Anita Gale v. Liberty Bell Agency, et al
OPINION filed : we adopt the reasoning of the district court and AFFIRM on the basis of its opinion, decision not for publication. Gilbert S. Merritt, Julia Smith Gibbons (Authoring), and David W. McKeague, Circuit Judges.
NOT RECOMMENDED FOR FULL-TEXT PUBLICATION
File Name: 13a0942n.06
UNITED STATES COURT OF APPEALS
FOR THE SIXTH CIRCUIT
LIBERTY BELL AGENCY AND
NATIONAL UNION FIRE INSURANCE
COMPANY OF PITTSBURGH, PA.,
Nov 01, 2013
DEBORAH S. HUNT, Clerk
ON APPEAL FROM THE
UNITED STATES DISTRICT
COURT FOR THE WESTERN
DISTRICT OF KENTUCKY
Before: MERRITT, GIBBONS, and MCKEAGUE, Circuit Judges.
JULIA SMITH GIBBONS, Circuit Judge. Anita Gale appeals the district court’s grant
of summary judgment to Liberty Bell Agency and National Union Fire Insurance Company of
Pittsburgh, Pennsylvania on her claim brought under the Kentucky Unfair Claims Settlement
Practices Act. On appeal, Gale argues that there are genuine issues of fact about whether the
insurers handled her claim in bad faith. Because Gale has not presented any evidence that the
insurers acted with intentional delay, evil motives, or reckless indifference, we affirm the judgment
of the district court.
This case begins with a car accident involving Gale, a court reporter from Paducah,
Kentucky, and Bradford Thomure, a truck-driver. Gale was injured in the accident and underwent
several surgeries. At the time, Thomure was working for Central Transport and driving one of
Central Transport’s vehicles. Both Thomure and Central Transport were insured under a policy
written by National Union. Gale filed a third-party claim, which Liberty Bell administered
according to a claims servicing agreement. It appears from a review of the record that Liberty Bell
handled this claim from start to finish.1
Roughly four months after she filed her claim, Gale sued Thomure and Central Transport in
state court. Liberty Bell removed to federal district court. See Notice of Removal, Gale v. Cent.
Transp. Int’l, Inc., No. 5:09-cv-148 (DE 1). The parties conducted discovery for approximately a
year and nine months, after which the case settled at a mediation. During discovery, the parties
exchanged paper discovery, hired and deposed accident reconstructionists, and conducted party and
fact-witness depositions. The parties disagreed—and still disagree—about who was at fault.
A month after the settlement, Gale filed this case in McCracken Circuit Court under
Kentucky’s UCSPA, alleging that the insurers handled her claim in bad faith. Gale primarily
contended that Liberty Bell acted in bad faith by pursuing a tenuous defense based on liability,
improperly delaying the investigation and payment of the claim, and low-balling its initial settlement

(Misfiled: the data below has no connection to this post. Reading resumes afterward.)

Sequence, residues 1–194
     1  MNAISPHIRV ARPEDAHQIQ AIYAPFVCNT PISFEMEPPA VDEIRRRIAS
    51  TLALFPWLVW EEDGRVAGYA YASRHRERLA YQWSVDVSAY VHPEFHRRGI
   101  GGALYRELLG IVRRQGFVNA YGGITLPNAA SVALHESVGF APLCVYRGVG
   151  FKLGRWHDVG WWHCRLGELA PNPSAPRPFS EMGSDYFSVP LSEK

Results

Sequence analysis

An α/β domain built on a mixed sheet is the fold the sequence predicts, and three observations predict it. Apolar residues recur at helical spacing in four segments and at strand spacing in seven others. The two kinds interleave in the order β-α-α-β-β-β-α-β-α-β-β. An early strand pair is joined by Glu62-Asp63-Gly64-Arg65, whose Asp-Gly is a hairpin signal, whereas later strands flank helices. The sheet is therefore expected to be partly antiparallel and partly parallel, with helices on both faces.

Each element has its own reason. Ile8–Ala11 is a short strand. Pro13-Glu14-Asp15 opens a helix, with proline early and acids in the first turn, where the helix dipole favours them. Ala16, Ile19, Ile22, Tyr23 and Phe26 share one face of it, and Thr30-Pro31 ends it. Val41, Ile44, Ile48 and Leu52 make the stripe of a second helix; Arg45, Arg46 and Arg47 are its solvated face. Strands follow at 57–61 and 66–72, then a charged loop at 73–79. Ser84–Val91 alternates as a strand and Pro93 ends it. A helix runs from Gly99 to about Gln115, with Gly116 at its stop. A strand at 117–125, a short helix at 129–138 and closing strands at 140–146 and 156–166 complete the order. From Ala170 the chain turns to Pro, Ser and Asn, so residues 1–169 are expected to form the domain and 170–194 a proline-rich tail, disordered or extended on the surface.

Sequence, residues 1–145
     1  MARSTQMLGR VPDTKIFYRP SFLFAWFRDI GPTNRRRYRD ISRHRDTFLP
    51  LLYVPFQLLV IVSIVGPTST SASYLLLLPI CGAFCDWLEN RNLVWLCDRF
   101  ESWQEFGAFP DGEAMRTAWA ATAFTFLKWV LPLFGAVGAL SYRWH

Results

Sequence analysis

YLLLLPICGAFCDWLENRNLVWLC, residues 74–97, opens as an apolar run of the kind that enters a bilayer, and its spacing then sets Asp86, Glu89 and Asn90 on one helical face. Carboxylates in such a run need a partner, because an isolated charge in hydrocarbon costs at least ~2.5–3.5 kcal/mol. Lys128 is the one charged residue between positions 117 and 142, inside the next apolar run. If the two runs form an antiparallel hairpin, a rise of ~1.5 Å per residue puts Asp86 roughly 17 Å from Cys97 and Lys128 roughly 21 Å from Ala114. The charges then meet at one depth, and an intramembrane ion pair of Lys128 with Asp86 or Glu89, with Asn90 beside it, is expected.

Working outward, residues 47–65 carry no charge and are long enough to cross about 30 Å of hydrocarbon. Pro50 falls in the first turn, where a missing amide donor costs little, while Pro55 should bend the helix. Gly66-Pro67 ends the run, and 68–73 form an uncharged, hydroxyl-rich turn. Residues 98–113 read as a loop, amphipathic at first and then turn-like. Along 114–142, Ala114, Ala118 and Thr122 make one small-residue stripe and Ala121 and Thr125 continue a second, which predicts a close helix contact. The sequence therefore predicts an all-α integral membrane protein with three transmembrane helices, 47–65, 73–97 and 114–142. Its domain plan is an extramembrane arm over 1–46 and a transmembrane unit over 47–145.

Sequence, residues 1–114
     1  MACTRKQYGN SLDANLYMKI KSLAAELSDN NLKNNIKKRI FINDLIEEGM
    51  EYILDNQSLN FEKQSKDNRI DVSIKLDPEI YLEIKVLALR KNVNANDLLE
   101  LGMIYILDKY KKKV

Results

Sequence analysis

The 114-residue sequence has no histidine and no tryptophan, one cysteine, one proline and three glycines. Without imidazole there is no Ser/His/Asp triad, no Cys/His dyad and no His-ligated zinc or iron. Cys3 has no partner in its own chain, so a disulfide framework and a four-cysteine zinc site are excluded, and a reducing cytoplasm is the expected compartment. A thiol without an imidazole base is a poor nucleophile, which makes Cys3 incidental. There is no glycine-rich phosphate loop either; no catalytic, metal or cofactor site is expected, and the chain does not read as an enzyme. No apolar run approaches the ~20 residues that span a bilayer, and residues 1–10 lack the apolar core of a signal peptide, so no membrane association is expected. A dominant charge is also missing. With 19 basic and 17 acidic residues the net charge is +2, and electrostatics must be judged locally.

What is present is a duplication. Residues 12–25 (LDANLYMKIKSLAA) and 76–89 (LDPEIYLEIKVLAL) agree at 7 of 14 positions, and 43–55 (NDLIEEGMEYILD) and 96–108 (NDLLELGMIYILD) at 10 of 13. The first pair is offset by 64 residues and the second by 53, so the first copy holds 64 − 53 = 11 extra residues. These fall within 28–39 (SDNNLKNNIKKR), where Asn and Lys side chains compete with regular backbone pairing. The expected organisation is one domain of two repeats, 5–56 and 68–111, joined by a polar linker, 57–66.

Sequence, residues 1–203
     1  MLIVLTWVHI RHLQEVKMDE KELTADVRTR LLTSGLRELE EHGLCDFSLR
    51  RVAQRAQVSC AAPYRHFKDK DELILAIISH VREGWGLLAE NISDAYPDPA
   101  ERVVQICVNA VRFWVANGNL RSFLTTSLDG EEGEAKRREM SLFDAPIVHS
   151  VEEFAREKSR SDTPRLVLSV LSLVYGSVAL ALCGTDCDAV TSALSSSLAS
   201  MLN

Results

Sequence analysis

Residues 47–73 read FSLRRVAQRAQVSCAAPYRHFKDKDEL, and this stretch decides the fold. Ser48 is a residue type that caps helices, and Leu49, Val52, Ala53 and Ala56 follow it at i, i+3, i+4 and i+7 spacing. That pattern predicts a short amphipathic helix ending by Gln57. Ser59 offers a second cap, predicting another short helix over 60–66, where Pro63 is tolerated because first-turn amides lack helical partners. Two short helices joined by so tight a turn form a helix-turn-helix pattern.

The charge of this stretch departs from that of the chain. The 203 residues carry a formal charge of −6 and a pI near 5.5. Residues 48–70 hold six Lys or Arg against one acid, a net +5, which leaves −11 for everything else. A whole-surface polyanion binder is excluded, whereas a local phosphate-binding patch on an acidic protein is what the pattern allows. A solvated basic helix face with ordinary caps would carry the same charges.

offer. Defendants removed the action to the United States District Court for the Western District
of Kentucky on the basis of diversity jurisdiction. After discovery, the insurers moved for summary
judgment, which the district court granted. The district court held that “Gale has not met the
requisite threshold to proceed with her bad-faith claims under Kentucky law. The record simply
does not show any action or set of actions on the part of [d]efendants that even approaches the sort
Kentucky law does not prohibit an insurer from retaining another entity to investigate and
negotiate claims. Sullivan v. Am. Int’l Grp., Inc., No. 5:07-254-JMH, 2008 WL 4056366, at *8
(E.D. Ky. Aug. 27, 2008). However, National Union cannot delegate its statutory duty of good faith
and fair dealing. Id. Therefore, this decision applies to both defendants.
of outrageous or intentional misconduct, or reckless disregard for Gale’s rights that would support
an award of punitive damages.” Gale v. Liberty Bell Agency, Inc., 911 F. Supp. 2d 488, 504 (W.D.
Gale appeals, arguing that, viewing the facts in the light most favorable to her, there is a
genuine issue of fact regarding the insurers’ handling of her claim.
This court reviews a district court’s grant of summary judgment de novo. Taylor v. Geithner,
703 F.3d 328, 335 (6th Cir. 2013). Having carefully reviewed the record, the parties’ briefs, and the
applicable law, we hold that this case was correctly decided by the district court in its well-written,
thorough opinion. Because a panel opinion of this court would serve no jurisprudential purpose, we
adopt the reasoning of the district court and affirm on the basis of its opinion.
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